The Pulitzer Prize-winning journalist and author of Garbology explores the hidden and costly wonders of our buy-it-now, get-it-today world of transportation, revealing the surprising truths, mounting challenges, and logistical magic behind every trip we take and every click we make.
Transportation dominates our daily existence. Thousands, even millions, of miles are embedded in everything we do and touch. We live in a door-to-door universe that works so well most Americans are scarcely aware of it. The grand ballet in which we move ourselves and our stuff is equivalent to building the Great Pyramid, the Hoover Dam, and the Empire State Building all in a day. Every day. And yet, in the one highly visible part of the transportation world—the part we drive—we suffer grinding commutes, a violent death every fifteen minutes, a dire injury every twelve seconds, and crumbling infrastructure.
Now, the way we move ourselves and our stuff is on the brink of great change, as a new mobility revolution upends the car culture that, for better and worse, built modern America. This unfolding revolution will disrupt lives and global trade, transforming our commutes, our vehicles, our cities, our jobs, and every aspect of culture, commerce, and the environment. We are, quite literally, at a fork in the road, though whether it will lead us to Carmageddon or Carmaheaven has yet to be determined.
Using interviews, data and deep exploration of the hidden world of ports, traffic control centers, and the research labs defining our transportation future, acclaimed journalist Edward Humes breaks down the complex movements of humans, goods, and machines as never before, from increasingly car-less citizens to the distance UPS goes to deliver a leopard-printed phone case. Tracking one day in the life of his family in Southern California, Humes uses their commutes, traffic jams, grocery stops, and online shopping excursions as a springboard to explore the paradoxes and challenges inherent in our system. He ultimately makes clear that transportation is one of the few big things we can change—our personal choices do have a profound impact, and that fork in the road is coming up fast.
Door to Door is a fascinating detective story, investigating the worldwide cast of supporting characters and technologies that have enabled us to move from here to there—past, present, and future.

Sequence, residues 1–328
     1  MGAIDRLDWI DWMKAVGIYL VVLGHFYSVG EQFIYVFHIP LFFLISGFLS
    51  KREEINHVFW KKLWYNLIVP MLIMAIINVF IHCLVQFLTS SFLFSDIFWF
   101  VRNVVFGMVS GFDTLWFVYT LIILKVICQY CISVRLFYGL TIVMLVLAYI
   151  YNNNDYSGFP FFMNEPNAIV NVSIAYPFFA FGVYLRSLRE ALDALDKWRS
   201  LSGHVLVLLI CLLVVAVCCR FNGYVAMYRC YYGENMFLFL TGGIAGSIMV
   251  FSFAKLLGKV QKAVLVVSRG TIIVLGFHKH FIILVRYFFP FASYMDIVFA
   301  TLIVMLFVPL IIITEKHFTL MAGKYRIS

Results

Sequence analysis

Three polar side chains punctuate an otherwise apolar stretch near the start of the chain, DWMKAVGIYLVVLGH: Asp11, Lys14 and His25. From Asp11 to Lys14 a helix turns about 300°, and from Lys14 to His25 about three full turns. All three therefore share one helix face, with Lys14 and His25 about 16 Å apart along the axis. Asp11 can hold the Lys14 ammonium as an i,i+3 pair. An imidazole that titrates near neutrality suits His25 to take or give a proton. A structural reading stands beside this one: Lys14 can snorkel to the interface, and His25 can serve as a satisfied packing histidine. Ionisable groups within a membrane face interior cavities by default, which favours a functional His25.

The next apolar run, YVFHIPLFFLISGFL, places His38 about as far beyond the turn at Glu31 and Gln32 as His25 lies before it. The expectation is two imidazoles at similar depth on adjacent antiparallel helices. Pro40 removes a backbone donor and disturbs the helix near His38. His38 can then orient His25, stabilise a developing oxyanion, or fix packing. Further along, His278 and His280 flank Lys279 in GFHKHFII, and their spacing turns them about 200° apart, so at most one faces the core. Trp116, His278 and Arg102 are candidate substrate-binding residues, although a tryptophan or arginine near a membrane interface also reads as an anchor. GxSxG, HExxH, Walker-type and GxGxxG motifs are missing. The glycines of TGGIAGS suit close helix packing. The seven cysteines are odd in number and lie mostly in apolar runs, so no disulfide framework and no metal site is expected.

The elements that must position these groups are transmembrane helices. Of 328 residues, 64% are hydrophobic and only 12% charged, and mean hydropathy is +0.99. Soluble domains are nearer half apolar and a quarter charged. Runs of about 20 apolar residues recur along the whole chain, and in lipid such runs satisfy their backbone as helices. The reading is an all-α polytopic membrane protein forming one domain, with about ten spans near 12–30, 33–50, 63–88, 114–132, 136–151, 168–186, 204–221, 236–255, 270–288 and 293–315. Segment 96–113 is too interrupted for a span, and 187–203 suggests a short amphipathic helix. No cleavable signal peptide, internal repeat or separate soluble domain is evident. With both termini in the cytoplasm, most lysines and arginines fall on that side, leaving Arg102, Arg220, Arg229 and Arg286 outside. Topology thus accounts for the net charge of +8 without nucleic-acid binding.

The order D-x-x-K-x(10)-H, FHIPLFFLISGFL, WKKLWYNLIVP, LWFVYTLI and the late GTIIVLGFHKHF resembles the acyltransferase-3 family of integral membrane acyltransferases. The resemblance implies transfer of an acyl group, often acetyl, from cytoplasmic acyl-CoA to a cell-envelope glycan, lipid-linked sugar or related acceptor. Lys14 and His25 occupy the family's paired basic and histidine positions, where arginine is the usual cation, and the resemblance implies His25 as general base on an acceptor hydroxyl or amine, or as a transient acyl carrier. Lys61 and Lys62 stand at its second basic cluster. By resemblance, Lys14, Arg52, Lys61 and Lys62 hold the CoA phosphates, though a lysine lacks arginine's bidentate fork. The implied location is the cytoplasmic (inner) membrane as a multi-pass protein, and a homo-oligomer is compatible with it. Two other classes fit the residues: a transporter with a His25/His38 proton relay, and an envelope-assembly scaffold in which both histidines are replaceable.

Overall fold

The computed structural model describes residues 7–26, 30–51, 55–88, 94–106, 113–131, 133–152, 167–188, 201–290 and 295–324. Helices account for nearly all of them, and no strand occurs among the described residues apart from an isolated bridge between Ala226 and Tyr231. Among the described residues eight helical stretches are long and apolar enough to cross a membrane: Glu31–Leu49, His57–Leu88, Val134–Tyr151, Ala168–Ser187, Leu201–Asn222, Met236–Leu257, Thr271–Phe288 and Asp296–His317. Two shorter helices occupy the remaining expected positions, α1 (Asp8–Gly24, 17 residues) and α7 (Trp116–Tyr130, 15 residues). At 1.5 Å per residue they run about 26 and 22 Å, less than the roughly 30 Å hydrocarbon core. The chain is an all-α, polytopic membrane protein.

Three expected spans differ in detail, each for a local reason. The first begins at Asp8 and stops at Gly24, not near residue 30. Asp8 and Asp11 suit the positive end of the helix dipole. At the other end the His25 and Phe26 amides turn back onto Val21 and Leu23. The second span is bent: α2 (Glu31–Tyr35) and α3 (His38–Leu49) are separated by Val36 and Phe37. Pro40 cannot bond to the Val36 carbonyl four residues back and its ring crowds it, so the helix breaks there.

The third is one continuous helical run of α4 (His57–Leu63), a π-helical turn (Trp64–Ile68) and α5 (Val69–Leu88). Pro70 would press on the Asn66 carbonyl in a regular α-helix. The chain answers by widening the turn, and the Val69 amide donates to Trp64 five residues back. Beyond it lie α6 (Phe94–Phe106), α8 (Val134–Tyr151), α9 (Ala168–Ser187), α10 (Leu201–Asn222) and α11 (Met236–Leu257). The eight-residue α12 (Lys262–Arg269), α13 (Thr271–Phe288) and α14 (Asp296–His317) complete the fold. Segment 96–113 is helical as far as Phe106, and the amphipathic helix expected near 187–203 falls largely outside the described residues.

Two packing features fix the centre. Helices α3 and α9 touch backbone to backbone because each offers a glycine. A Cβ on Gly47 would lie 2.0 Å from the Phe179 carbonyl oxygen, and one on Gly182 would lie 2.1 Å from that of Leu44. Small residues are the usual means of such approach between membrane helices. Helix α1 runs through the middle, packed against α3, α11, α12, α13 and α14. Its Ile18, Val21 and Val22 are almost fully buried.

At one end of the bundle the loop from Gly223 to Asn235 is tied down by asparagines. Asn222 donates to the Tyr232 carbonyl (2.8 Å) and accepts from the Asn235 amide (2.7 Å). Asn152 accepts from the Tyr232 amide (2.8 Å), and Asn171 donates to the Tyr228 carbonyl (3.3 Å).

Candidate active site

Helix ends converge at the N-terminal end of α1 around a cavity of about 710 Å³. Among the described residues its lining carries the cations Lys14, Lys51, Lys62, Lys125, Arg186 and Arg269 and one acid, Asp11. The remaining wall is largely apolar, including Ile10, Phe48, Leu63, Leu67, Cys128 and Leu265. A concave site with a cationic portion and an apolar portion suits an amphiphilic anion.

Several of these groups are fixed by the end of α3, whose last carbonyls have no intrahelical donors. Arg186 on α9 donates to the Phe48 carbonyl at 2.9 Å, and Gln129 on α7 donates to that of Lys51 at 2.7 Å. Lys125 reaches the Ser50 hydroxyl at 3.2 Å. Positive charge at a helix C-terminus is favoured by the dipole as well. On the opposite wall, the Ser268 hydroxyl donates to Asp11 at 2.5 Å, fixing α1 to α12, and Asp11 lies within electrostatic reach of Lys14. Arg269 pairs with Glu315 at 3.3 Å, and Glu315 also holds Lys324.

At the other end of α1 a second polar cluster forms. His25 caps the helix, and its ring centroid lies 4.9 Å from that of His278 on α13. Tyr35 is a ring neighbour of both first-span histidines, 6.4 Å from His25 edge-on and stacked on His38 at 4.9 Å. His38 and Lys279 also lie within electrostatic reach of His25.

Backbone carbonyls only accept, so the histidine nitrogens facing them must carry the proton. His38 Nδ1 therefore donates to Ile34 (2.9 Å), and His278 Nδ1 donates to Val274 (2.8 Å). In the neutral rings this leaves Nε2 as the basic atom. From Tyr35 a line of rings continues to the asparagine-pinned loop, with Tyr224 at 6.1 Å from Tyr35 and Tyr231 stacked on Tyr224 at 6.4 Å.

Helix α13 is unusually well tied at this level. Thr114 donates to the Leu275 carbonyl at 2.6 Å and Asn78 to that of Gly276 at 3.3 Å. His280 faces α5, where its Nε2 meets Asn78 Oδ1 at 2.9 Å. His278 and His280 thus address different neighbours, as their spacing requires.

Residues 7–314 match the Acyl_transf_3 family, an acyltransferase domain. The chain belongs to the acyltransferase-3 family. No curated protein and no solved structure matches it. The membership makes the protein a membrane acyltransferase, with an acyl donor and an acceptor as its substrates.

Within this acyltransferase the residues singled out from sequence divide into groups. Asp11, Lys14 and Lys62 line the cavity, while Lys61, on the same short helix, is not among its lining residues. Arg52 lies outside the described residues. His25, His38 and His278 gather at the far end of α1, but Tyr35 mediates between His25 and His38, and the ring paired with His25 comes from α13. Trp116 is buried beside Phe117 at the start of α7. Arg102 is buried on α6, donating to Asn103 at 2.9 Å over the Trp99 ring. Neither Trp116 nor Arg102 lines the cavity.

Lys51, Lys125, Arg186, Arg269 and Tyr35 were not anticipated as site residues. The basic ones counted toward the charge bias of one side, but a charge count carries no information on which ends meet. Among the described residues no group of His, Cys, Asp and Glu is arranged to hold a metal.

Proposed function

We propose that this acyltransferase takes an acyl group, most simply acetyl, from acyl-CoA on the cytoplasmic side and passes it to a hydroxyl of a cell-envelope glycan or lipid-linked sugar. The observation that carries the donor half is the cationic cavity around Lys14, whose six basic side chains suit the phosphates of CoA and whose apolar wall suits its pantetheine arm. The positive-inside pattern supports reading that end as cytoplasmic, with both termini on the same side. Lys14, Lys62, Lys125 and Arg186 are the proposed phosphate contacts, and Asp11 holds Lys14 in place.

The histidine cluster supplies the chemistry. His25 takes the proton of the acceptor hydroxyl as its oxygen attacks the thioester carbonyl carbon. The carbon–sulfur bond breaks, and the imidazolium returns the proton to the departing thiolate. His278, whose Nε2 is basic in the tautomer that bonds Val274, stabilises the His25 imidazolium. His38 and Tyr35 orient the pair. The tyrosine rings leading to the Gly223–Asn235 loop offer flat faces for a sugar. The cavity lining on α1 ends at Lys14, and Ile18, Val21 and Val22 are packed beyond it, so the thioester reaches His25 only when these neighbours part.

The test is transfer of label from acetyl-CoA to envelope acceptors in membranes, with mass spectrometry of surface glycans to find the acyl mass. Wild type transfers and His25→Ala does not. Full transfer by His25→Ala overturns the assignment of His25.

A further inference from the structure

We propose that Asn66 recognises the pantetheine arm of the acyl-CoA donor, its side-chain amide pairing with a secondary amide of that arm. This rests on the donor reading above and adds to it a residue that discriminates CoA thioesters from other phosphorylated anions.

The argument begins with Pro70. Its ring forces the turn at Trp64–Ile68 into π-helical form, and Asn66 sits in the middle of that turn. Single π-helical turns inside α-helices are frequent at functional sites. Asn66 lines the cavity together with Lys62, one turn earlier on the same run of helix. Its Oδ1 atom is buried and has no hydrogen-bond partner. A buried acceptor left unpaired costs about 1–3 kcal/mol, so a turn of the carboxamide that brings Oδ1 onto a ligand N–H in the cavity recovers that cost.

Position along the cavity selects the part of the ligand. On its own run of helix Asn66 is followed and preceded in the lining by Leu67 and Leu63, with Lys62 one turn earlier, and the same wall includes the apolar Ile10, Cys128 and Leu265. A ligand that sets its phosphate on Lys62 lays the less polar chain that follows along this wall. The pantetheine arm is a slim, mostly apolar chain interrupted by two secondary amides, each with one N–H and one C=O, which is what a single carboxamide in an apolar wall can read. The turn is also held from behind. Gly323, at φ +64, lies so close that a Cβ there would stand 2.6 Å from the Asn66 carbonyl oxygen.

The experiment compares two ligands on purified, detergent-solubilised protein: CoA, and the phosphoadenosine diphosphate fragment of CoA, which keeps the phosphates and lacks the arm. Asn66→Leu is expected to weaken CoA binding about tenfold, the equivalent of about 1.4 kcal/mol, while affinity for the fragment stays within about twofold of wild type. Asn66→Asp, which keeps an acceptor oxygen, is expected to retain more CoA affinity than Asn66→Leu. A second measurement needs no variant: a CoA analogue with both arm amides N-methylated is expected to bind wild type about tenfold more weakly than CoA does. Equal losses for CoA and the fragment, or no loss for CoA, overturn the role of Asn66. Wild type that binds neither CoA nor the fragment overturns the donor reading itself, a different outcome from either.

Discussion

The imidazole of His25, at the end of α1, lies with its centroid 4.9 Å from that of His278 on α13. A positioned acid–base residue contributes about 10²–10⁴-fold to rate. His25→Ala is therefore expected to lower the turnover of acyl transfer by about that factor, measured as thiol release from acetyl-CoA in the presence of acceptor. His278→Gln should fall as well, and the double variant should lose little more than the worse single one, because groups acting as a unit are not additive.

About the Author
Edward Humes is the author of ten critically acclaimed nonfiction books, including Eco Barons, Monkey Girl, Over Here, School of Dreams, Baby E.R., Mean Justice, No Matter How Loud I Shout, and the bestseller Mississippi Mud. He has received the Pulitzer Prize for his journalism and numerous awards for his books. He has written for the New York Times, the Los Angeles Times, Los Angeles Magazine, and Sierra. He lives in California.
“Like “Silent Spring” and “The Omnivore’s Dilemma,” “Door to Door” is a rallying point for culturewide change. Hume’s tireless curation of figure and fact, his well-reasoned arguments and his uncluttered, well-ordered prose may turn the ship that’s just begun to budge.”
— Mary Roach, the New York Times Book Review
“So much effort goes to moving our bodies and our stuff around. And as this book makes very clear, it could be done so much better! A fascinating read, from the center of the world’s car culture”
— Bill McKibben, author Deep Economy
“In this groundbreaking work, Ed Humes shows that we could have fast, reliable and incredibly safe transport, if we only had the political guts to choose it. Hopefully, this fascinating work will prompt long overdue changes. ”
— Samuel Fromartz, editor in chief of the Food & Environment Reporting Network, and author of the award-winning In Search of the Perfect Loaf.
“Humes takes us inside the mammoth transportation systems that move things, and move us, around. Door to Door is an eye-opening account of the massive physical systems that support our increasingly digital world.”
— Richard Florida, author of the Rise of the Creative Class, University of Toronto & NYU professor
“This timely book will inspire many readers to change their habits and their views of the future.”